How to Cook Smoked Bone-In Ham in a Crock Pot

Cook your smoked bone-in ham over low heat for 5 to 6 hours in your slow cooker.
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With your slow cooker, takeout is no longer your only option for dinner. The time-saving kitchen tool can have just about anything ready to go by the time you get home from work, even slow cooker smoked ham.



Cook your smoked bone-in ham over low heat for 5 to 6 hours in your slow cooker. Use your favorite honey glaze as your cooking liquid.

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Selecting Your Smoked Ham

When perusing through the meat section of the grocery store, you may find many varieties of ham, including fresh, cured and smoked. Most smoked hams are first cured, according to the USDA, which means salt, nitrites, sugar or other preservatives have been added to the meat, by injection or through massage. After curing, the ham is smoked in a smokehouse to add more flavor and prolong its shelf life.

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Smoked ham may then be labeled as cooked or cook-before-eating, according to the USDA. It's not necessary to cook a precooked bone-in smoked ham, but you must cook the smoked ham labeled cook-before-eating. In either case, you can use your slow cooker to reheat a precooked ham or fully cook the smoked ham that requires cooking.

The USDA recommends that when reheating slow cooker smoked ham, you cook until your ham reaches 165 degrees Fahrenheit. For your cook-before-eating smoked ham, the ideal internal cooking temperature is 145 degrees Fahrenheit. These temperature recommendations ensure any potential bacteria in the meat is killed so no one gets sick.


Read more:8 Deliciously Simple (and Healthy!) Slow Cooker Recipes

Slow Cooker Smoked Ham

When making your bone-in ham in crockpot, you need to take into consideration the size of your slow cooker before buying your ham. According to PennState Extension, your slow cooker shouldn't be more than two-thirds full, otherwise you risk undercooking the meat.


Slow cookers come in a number of sizes, ranging from 1 to 7 quarts. Review your slow cooker user guide to determine what size bone-in ham works best for your kitchen tool. Follow this easy recipe inspired by a article for cooking ham in your electric roaster. Use a 7-quart slow cooker for an 8-pound smoked, bone-in spiral ham.


  • 8-pound smoked, bone-in spiral ham
  • 1/2 cup orange juice
  • 1/2 cup honey
  • 1/2 cup Dijon mustard
  • 1/2 cup brown sugar



  1. Spray your slow cooker with cooking spray and add your ham.
  2. In a small bowl, mix the honey, mustard and brown sugar, then pour over your ham.
  3. Cook on low for 5 to 6 hours or until your ham has reached the desired temperature.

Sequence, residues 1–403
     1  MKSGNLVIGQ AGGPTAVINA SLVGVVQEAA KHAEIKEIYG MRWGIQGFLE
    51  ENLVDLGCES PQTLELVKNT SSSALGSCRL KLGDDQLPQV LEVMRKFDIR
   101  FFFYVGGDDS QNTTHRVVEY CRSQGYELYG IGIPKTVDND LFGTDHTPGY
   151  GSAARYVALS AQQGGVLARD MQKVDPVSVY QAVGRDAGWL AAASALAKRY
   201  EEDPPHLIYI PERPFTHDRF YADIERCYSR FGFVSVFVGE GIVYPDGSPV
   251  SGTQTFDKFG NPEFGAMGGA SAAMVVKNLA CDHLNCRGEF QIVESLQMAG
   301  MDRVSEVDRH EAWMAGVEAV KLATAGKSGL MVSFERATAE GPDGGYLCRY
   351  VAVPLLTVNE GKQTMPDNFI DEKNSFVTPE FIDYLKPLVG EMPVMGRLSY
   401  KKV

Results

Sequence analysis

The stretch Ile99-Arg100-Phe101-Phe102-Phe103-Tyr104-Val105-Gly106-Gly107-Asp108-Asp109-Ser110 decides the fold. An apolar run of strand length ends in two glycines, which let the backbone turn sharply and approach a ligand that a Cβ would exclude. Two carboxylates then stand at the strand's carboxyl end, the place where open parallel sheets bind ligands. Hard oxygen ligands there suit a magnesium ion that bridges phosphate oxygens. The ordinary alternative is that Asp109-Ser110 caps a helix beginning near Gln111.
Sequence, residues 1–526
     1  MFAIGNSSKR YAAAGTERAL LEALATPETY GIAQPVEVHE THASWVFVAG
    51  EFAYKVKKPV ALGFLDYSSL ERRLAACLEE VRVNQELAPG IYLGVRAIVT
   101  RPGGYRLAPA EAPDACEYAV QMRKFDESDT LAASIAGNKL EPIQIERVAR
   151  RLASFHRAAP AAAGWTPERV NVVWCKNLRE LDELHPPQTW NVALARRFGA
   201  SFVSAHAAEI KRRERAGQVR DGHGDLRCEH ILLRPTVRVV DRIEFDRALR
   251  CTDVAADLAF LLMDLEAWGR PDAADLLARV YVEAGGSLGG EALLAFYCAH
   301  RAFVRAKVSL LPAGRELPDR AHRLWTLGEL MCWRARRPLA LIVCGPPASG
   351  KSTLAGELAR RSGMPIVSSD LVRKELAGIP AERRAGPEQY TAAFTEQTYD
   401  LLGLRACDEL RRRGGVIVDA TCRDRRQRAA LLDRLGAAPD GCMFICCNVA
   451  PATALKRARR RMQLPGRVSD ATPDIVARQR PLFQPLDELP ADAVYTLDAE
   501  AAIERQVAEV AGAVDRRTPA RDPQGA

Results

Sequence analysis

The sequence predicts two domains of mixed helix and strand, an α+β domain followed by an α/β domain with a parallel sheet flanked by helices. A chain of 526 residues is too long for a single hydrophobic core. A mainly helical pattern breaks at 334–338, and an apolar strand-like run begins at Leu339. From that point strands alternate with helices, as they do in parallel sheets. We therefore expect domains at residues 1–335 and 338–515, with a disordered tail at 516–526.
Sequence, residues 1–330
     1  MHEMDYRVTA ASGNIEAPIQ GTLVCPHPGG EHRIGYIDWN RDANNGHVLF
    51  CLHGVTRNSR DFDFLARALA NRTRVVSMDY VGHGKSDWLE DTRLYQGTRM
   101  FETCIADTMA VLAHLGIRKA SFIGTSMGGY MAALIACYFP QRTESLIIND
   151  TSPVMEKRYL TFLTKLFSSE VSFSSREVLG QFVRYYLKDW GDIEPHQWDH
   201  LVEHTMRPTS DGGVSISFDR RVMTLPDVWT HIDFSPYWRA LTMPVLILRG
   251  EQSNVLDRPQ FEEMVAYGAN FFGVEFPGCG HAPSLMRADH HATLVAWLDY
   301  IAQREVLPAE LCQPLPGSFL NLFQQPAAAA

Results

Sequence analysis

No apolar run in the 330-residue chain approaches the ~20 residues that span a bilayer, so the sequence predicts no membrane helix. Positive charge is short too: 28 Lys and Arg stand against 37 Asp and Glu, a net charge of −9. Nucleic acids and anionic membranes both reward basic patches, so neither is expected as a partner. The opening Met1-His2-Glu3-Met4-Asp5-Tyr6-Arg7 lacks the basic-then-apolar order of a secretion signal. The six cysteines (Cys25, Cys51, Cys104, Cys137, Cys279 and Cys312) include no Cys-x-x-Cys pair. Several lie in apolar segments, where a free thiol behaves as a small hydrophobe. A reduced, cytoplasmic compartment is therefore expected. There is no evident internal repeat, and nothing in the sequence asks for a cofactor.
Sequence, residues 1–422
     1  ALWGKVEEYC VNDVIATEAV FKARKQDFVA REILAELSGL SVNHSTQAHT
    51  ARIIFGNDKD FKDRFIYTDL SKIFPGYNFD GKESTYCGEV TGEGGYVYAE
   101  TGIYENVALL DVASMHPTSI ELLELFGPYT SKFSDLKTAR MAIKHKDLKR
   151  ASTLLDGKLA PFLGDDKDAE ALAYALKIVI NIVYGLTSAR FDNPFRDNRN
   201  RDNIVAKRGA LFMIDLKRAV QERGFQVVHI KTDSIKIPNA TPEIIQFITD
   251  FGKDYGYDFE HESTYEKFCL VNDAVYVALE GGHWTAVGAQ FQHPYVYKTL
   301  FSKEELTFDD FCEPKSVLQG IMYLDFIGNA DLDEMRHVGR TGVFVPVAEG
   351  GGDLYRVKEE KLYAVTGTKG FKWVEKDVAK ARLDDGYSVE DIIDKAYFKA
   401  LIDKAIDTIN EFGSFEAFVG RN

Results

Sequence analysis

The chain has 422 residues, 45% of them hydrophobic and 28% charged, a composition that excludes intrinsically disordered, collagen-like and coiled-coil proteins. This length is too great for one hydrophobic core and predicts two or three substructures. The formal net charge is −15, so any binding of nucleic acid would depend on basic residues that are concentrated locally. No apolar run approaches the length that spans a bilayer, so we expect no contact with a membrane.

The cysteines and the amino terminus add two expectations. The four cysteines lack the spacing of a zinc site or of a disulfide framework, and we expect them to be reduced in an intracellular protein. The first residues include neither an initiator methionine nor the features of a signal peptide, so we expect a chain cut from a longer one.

For a slow cooker boneless ham, make 1/4-inch cuts, creating a diamond shape, before adding the honey glaze and cook on the low setting. Follow the instructions provided by the manufacturer of your slow cooker to determine how long to cook.


Read more:How to Cook Rice in a Slow Cooker

Smoked Ham and Health

When it comes to your health, processed meats like ham have been getting a lot of attention. An October 2019 report published in the Annals of Internal Medicine suggested that there was no need for adults to reduce their intake of these meats as previously recommended. The authors of the report cited little evidence to support the recommended restrictions.


However, both Harvard T.H. Chan School of Public Health and the World Cancer Research Fund disagree. According to Harvard, there's a mountain of evidence that links the intake of processed and red meat to chronic diseases, including heart disease, Type 2 diabetes, and cancer. The World Cancer Research Fund says that you should significantly limit your intake of processed meats due to the associated health risks.

Compared to other types of meat, ham is low in calories and fat. However, due to the processing it undergoes, it's very high in sodium. Based on nutrient data from USDA, a 3-ounce serving of smoked ham contains 80 calories, 14 grams of protein, 2.5 grams of total fat, 1 gram of saturated fat, 1 gram of carbohydrate and 890 milligrams of sodium.


The sodium content in your smoked ham meets 37 percent of the daily value. According to a March 2015 review published in the Journal of the American College of Cardiology, too much sodium in your diet not only affects blood pressure, but also kidney function, fluid balance, hormone levels and heart function.

Correction: An earlier version of this story incorrectly identified the amount of sodium in a 3-ounce serving of smoked ham.




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